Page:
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Robert Zemeckis’ Back To The Future, which can unquestionably be called one of the most beloved films of all time, doesn’t waste any time before revealing itself as something special. The opening shot is a stunning combination of cinematography and production design, as the tour through Doc Brown’s home tells the audience everything they need to know about the mad scientist, and there is even some instant action provided by Marty McFly plugging his guitar into Doc’s massive amp and managing to accidentally blow it up.

It’s a fun preview of Marty’s fondness for loud music, setting up his band’s audition at the school dance, and his third act performance of “Johnny B. Goode” – but I have long wondered one thing: what is Doc’s reaction when he discovers that his young friend totally destroyed his home?

Fortunately, I have a job that allows me to directly ask those kinds of questions about my favorite films to the people who made them, and that’s exactly what I got to do a few weeks ago when I had the pleasure of interviewing Back To The Future writer/producer Bob Gale in celebration of the sci-fi trilogy’s 35th anniversary. And per the filmmaker, as you can see by clicking play on the video above, his belief is that Doc would have a bit of an “Oh well” kind of mentality about it.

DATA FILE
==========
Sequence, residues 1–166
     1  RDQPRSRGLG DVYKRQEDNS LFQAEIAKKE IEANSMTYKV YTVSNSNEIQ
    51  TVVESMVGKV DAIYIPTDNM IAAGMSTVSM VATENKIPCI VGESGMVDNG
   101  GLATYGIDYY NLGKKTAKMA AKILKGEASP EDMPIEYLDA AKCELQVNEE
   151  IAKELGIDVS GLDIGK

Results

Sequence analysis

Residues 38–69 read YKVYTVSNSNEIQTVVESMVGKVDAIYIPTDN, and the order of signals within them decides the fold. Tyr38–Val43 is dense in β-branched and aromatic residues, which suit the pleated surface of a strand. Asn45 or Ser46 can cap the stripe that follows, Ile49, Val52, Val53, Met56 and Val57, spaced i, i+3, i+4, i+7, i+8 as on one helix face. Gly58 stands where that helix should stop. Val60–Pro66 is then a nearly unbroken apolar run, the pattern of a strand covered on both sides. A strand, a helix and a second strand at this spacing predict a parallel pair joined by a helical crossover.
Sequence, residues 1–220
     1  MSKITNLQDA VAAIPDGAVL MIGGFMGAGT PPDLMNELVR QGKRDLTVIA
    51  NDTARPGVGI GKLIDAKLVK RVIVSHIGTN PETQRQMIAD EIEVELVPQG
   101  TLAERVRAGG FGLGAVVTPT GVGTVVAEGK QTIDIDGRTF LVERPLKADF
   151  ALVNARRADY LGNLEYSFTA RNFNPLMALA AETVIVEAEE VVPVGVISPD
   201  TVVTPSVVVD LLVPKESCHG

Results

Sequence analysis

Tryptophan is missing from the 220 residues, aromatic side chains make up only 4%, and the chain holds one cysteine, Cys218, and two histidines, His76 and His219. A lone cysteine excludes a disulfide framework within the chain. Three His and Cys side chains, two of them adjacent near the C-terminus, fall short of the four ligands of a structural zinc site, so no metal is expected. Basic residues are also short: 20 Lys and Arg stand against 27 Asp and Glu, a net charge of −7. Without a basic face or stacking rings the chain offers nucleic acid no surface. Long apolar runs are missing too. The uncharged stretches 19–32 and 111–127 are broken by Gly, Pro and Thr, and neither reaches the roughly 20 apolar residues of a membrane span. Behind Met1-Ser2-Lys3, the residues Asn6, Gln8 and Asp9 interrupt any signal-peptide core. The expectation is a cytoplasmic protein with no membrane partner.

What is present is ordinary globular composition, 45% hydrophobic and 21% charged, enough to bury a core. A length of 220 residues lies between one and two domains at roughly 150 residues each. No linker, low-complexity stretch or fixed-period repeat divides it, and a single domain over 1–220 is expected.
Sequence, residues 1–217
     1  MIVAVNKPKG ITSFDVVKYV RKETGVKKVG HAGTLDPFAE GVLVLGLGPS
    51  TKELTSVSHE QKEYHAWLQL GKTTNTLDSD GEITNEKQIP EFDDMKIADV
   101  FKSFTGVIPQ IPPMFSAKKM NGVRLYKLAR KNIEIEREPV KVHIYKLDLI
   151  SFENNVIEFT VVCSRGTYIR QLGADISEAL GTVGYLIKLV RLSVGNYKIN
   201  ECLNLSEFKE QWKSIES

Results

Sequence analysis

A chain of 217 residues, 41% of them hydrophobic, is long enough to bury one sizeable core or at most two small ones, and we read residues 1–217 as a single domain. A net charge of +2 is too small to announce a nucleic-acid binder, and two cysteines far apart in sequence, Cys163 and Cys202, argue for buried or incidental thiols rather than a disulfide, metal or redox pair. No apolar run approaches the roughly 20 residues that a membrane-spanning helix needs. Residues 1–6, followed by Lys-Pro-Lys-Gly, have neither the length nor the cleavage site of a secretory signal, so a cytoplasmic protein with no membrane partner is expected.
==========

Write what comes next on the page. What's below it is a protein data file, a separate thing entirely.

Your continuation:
If you leave a mouse with a piece of cheese, you don’t really have a right to be upset when said mouse eats said piece of cheese, and that’s pretty much what Bob Gale expects would go through Doc Brown’s head when he realizes that he left Marty with unfettered access to his badass musical equipment. Said Gale,

He would probably say, ‘Marty hooked up to the amplifier. I told him not to, but you know, that's Marty – whatever you tell him not to do, that's what he's going to do!’

This attitude could go a long way in explaining why it is that Doc doesn’t berate Marty about the blown amplifier when they meet up later that night at the Twin Pines Mall to run tests for the DeLorean Time Machine. However, there is another funny possibility to consider, and one that I offered to Gale: it’s possible that Doc never actually saw the destruction. He was clearly busy on the day in question preparing for his big experiment, and while he must have ducked home at some point just to get the plutonium in the case under his bed, it wouldn’t be out of character if he was so excited about his big night that he didn’t even notice that his home had been destroyed.

Another interesting wrinkle in this situation: it’s possible that Doc never went home again. Once Marty leaves following his adventure, it’s believable that Doc immediately hopped in the DeLorean himself and took his first ride – maybe leading him to the future where he learned about Marty and Jennifer’s kids. That way of looking at it is perhaps a little too linear for a time travel story, but it’s not impossible.

For those of you now curious about revisiting the opening of Back To The Future, you can do so by clicking play on the video below, which features the first 10 minutes of the movie clipped from the latest 4K restoration:

If you’re loving the picture clarity in that clip, you should do yourself a favor and check out the brand new 4K Back To The Future box set that was just released in connection with the film’s 35th anniversary. After all, it’s impossible to watch this brilliant, classic movie too many times, so you might as well watch it with the best quality possible.

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